The Top 10 Mistakes We See In Sale & Purchase Contracts

Sarah Hasnani

A sales and purchase agreement (SPA) is the most commonly used document in commercial transactions, from deals involving purchases of commodities, shares, businesses and real estate, these types of contracts are vital to business activity.  To execute any deal successfully you need the protection of a well drafted SPA, but often buyers or sellers fail to take even the basic steps required to protect their own interests.

Below are the top 10 “red flag errors” we see when buyers or sellers consult us afterwards looking to salvage their money or assets, or otherwise engage in “damage control”.

  1. Doing the Deal with the Wrong Person
    The best drafted SPA in the world is no use to you, if you sign it with a fraudster or an incompetent.
  2. Essential Parties Are Not Part of  the SPA
    Often buyers will sign an SPA with Company A, when in reality Company B (or a Shareholder in Company A), is the actual owner of all or part of the assets being purchased.  On the sell side, sellers often engage in a contract under which Company C is buyer and makes significant final commitments to the seller, but seller does not realize until it is too late that Company C is merely a shell company with no assets to meet the commitments.
  3. Failure to Identify and Address Essential Pre Conditions to the Deal
    Conditions precedent are conditions and events which must be resolved before a transaction detailed in an SPA can be completed.  Any buyer or seller has to identify all these preconditions and make sure they are all properly addressed in the SPA.  Important conditions to include are clearance of the seller’s debts, third party consents, transferring key employees, banking approvals, and clearances and approvals from the appropriate authorities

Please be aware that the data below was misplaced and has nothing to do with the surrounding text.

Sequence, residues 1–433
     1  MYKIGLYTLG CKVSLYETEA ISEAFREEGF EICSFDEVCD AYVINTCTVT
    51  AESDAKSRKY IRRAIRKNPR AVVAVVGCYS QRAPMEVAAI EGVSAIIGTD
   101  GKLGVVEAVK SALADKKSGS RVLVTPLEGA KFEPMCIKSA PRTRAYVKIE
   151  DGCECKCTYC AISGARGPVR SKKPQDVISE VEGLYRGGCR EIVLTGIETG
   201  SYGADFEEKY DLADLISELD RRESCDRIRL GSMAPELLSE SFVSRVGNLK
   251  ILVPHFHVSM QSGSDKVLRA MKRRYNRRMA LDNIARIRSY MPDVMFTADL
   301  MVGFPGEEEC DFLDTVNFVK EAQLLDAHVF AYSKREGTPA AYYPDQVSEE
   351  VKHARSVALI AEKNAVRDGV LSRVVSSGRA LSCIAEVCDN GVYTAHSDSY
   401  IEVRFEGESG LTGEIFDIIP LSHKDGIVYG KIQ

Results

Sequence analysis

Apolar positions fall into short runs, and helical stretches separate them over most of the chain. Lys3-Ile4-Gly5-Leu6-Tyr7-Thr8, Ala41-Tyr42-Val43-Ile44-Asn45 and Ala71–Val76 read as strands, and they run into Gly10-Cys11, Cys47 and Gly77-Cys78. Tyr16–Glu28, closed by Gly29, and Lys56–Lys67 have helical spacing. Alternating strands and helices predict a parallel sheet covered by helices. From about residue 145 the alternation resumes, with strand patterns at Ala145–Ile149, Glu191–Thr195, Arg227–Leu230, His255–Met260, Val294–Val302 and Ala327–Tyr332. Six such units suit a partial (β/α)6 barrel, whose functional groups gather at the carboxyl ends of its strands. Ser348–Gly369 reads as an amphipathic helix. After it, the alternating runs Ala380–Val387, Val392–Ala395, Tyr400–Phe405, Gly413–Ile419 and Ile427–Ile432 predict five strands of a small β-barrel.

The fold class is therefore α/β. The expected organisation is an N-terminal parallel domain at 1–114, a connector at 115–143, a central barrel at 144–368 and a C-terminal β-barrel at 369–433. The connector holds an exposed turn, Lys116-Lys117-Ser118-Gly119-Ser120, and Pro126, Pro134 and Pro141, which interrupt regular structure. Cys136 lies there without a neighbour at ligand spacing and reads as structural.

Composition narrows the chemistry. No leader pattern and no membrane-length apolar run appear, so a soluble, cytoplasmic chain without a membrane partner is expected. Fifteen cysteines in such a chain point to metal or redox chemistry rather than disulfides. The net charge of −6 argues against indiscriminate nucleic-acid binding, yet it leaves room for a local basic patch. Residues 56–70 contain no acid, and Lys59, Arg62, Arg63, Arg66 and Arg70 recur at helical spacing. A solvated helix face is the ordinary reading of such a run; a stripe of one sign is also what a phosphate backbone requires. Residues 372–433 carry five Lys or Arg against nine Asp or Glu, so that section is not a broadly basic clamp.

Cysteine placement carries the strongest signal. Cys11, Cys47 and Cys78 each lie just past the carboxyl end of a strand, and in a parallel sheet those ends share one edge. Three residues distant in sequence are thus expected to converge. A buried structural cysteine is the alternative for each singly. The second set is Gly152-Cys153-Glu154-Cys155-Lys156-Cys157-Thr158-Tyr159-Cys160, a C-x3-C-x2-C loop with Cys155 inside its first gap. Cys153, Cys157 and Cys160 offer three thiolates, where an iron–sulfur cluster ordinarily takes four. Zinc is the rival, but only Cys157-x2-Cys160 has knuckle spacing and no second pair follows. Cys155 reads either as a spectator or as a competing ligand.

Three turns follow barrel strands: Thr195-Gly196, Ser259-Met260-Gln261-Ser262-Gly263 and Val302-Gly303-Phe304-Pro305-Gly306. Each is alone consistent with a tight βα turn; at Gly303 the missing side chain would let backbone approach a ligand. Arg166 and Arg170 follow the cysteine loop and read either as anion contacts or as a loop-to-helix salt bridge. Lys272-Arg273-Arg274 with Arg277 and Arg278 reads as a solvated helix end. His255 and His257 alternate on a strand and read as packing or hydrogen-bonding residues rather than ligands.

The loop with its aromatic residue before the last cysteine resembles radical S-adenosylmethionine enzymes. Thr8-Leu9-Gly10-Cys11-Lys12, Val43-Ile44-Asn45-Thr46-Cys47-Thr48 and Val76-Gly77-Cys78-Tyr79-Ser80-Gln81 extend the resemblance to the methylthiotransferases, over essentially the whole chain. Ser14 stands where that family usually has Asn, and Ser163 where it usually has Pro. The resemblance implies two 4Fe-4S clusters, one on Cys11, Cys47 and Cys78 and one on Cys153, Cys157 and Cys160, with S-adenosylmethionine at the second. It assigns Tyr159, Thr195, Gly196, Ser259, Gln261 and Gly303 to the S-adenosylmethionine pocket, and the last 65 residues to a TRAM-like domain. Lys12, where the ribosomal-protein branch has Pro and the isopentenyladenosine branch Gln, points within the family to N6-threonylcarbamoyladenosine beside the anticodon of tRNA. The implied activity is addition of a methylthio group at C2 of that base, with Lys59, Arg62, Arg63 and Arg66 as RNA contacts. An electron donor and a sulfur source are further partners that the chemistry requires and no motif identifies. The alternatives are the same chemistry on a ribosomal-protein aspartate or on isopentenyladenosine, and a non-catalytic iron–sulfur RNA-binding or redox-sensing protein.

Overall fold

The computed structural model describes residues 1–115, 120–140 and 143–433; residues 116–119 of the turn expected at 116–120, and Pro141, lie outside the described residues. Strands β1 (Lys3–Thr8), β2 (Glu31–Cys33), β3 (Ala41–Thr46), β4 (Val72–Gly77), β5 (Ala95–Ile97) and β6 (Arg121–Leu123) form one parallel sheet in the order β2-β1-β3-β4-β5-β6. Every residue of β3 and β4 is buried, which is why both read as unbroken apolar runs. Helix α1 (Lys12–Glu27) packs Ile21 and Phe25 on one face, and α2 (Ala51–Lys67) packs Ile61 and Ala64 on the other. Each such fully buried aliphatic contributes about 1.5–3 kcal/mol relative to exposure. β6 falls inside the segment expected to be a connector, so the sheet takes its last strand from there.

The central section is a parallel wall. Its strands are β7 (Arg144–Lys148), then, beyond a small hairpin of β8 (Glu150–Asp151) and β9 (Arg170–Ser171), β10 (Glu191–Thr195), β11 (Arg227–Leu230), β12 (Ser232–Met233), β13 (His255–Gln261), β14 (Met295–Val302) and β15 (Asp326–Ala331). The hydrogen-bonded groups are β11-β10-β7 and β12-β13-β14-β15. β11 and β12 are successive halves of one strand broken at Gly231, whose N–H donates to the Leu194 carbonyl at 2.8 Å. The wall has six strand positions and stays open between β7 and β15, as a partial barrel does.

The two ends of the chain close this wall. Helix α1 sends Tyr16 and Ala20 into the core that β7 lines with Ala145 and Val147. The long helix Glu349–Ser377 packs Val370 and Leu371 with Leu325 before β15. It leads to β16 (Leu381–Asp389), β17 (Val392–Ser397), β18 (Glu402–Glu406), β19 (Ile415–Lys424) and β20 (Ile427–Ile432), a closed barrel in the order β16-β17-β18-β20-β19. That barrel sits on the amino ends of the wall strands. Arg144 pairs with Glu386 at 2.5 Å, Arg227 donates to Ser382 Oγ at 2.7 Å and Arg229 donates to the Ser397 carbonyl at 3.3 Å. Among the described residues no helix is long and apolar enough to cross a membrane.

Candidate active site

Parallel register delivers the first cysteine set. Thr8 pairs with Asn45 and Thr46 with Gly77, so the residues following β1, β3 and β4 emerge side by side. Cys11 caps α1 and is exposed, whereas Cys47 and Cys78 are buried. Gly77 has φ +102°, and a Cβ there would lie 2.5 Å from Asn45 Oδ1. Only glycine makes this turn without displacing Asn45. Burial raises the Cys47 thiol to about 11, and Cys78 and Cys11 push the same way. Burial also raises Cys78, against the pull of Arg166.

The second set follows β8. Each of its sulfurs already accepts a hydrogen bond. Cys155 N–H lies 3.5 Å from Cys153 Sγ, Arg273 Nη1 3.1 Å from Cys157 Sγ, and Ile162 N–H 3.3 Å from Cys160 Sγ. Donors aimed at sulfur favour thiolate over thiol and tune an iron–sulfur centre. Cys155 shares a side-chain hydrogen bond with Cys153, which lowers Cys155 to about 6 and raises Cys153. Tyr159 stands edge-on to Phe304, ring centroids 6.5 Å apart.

4. Failure to Specify a “Long Stop Date”
    Commonly conditions have to be met before the deal can close. What if the time for satisfying conditions or obtaining approvals blows out from weeks to months? In this case buyers and sellers need to have a “Long Stop Date” in their SPA, so they can bail out of the SPA if the delay becomes untenable for them. If essential preconditions are not met by this long stop date, one or both parties can walk away from the deal.
  5. Failure to Agree Necessary Financial Adjustments
    In some deals, buyers seek to protect themselves by including a post acquisition price adjustment.  Upon completion of the transaction, the buyer’s accountants finalize the accounts and determine the net assets of the company to evaluate whether the price paid at completion was greater or lower than agreed for.  If the price was greater than the value, the buyer will be granted a reconciliation payment.  An alternative to the post completion price adjustment is the “locked-box” approach where the seller makes detailed and specific commitment as to the value of the business’s net assets at closing. If the business suffers major losses or the sellers strip out dividends, any buyer without these safeguards will be financially exposed.
  6. Failure to be Specific about Closing Requirements
    An SPA should clearly identify all actions to be taken and all the documents to be provided at closing.  Examples include discharge of banking facilities, handover of customer and financial records, change of bank and regulatory signatories, original documents, and obtaining regulatory approvals.
  7. Failure to Protect Against Competition from the Seller
    Any buyer should consider whether it is appropriate that the SPA contain contractual terms restricting the seller from competing with or soliciting customers, suppliers, and against poaching employees of the business for a specified period of time after completion.
  8. Failure to Change Signatories
    Often buyers overlook the need to change the signatories to essential banking and business accounts.  Third parties must be notified in a timely fashion of the new owners and accept the signatories.
  9. No Simple and Effective Dispute Resolution
    In the run up to closing, arguments over money and adjustment are common.  The SPA can ease these problems by providing for independent experts to conduct valuations and provide their expert advice on (and if necessary determine) issues in dispute.
  10. Skimping on Lawyers’ Fees
    Often parties download “ready made” contracts from the internet, adapt a form from the last deal or try to draft the contract themselves.  Ensure you have a specialist lawyer review the SPA.  Lawyers’ fees for reviewing SPAs are often a tiny fraction of lawyers fees for litigation, or catastrophic financial losses from a deal gone bad or a deal which should never have been done.